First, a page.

Interference correction

PfE provides a WDS simulation mode that can produce wavelength scan data of any material of known composition. We used the WDS simulation mode to obtain wavelength scan data near the on-peak wavelengths of the 31 elements analyzed in this study, to find possible peak interferences. For the wavelength simulation of zirconolite, an accelerating voltage of 15 keV and 100 nA beam current and 1 s per step were set. An arbitrary chemical composition of zirconolite from the literature data was used for the first simulation, which allowed us to set potential peak interferences for sample analysis. The wavelength scan simulation using the representative chemical composition of zirconolite in the clast C3 of the DEW 12007 was then used to carefully examine the peak interferences applied to interference corrections. The simulated wavelength scans for Th, U, Pb, and Eu are shown in Fig. 3 and the peak interferences are listed in Table 1.

It should be noted that the actual wavescan data for the elements analyzed in this study will differ from those of the simulation. The most problematic aspect of the simulation is the changing shape of the peaks depending on the analytical conditions and the sample, which can greatly affect the interference correction. Particularly for U and Pb, previous studies for monazite and xenotime discuss the interferences of Th Mγ and K Kα on U Mβ, and Th Mζ and Y Lγ on Pb Mα (e.g., Allaz et al. 2020; Jercinovic and Williams 2005; Suzuki and Kato 2008). Since we did not obtain an actual wavescan data from the zirconolite in this study, we applied the interference correction factors of 0.008 for Th on U and 0.00021 for Th on Pb from Jercinovic and Williams (2005) and 0.0096 for Y on Pb from the YPO4 standard in this study.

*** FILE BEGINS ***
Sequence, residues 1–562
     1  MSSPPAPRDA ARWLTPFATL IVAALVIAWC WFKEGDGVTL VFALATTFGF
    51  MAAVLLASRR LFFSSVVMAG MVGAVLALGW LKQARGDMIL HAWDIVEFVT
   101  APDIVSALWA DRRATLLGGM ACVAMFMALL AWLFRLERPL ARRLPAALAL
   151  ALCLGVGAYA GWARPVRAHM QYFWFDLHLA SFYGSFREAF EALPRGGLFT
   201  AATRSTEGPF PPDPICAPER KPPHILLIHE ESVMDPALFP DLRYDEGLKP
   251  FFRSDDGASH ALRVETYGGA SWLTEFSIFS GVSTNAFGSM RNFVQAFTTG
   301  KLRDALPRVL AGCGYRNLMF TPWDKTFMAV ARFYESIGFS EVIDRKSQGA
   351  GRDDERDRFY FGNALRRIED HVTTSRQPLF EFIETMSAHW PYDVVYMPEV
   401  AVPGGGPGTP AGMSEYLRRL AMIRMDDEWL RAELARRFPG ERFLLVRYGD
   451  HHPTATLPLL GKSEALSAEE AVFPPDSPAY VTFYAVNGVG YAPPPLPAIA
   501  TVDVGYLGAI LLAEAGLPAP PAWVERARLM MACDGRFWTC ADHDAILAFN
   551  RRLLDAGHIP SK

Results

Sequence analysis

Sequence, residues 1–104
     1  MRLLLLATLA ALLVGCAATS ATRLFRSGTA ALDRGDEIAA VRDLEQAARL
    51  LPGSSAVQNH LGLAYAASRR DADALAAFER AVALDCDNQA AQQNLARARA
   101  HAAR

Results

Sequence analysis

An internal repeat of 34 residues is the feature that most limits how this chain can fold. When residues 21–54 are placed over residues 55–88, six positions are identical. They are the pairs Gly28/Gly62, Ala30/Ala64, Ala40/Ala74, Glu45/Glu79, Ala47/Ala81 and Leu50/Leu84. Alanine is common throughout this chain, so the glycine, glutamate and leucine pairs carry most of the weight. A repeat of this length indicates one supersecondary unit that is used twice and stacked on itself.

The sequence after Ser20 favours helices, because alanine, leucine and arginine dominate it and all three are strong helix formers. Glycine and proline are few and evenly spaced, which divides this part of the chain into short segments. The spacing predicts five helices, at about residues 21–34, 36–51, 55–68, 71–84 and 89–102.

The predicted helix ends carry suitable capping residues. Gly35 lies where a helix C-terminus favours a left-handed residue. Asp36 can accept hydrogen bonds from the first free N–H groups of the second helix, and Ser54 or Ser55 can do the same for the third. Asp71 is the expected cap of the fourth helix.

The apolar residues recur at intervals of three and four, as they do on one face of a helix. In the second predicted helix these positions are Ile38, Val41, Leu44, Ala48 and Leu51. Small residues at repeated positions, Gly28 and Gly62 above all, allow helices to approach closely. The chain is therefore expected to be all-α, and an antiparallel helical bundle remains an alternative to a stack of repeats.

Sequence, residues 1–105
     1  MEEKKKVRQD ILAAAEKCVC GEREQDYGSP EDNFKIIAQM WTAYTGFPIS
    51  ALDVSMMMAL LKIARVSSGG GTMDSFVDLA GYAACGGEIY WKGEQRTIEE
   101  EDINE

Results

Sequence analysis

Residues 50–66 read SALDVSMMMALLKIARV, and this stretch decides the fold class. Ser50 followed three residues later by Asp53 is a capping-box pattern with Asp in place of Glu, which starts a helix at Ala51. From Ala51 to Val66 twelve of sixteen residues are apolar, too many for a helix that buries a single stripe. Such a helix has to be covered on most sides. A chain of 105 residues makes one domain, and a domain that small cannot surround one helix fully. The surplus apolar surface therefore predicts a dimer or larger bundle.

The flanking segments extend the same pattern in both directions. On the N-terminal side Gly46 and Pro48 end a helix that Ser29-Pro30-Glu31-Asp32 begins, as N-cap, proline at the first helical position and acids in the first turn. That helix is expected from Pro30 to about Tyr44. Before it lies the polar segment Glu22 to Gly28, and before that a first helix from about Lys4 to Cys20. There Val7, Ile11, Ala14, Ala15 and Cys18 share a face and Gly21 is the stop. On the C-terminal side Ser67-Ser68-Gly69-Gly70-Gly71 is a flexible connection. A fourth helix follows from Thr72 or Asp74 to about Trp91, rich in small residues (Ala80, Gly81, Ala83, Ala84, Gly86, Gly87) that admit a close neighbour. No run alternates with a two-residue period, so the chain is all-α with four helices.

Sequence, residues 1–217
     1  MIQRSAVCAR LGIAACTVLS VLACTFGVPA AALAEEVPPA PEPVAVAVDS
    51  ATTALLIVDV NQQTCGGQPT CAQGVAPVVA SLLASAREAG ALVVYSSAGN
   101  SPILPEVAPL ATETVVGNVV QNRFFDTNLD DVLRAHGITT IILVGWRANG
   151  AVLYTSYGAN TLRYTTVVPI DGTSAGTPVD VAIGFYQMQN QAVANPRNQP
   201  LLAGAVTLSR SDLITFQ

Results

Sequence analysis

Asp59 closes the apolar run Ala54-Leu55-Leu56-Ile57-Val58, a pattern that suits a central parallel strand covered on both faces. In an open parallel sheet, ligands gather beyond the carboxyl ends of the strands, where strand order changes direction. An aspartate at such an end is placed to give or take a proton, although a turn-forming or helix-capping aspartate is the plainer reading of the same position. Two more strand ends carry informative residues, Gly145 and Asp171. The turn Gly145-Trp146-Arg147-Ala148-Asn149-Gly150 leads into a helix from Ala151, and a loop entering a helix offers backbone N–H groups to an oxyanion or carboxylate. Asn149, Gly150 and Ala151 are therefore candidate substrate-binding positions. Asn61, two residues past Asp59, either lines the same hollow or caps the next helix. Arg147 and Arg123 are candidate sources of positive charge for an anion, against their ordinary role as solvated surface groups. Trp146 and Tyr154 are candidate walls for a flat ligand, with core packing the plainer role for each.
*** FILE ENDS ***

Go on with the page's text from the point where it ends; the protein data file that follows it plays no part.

Results and discussion

The chemical compositions of the zirconolites for 31 elements analyzed by electron microprobe using the conditions in Table 1 are listed in Table 2. The concentrations of the analyzed elements are generally above the detection limits, except for Eu and Lu. The cations per 7 oxygen atoms are calculated and assigned using the structural formula, (MI)2+(MII)4+(MIII)4+2O7, according to the methods described by Wark et al. (1973) (Table 2). It should be noted that the M-line X-rays of Yb, Lu, Hf, and Ta were analyzed in this study (Table 1), but it is not the best choice for the zirconolite analysis due to mutual REE interferences. The L-line X-rays of the elements are recommended like as for monazite and xenotime (Allaz et al. 2020). The results of this study (Table 2) are acceptable because the REE contents of the zirconolite are not high as those of monazite and the appropriate interference corrections for these elements are applied. For the future study, we suggest a recommended analytical setting for the zirconolite analysis by electron microprobe (Additional file 4: Table S3).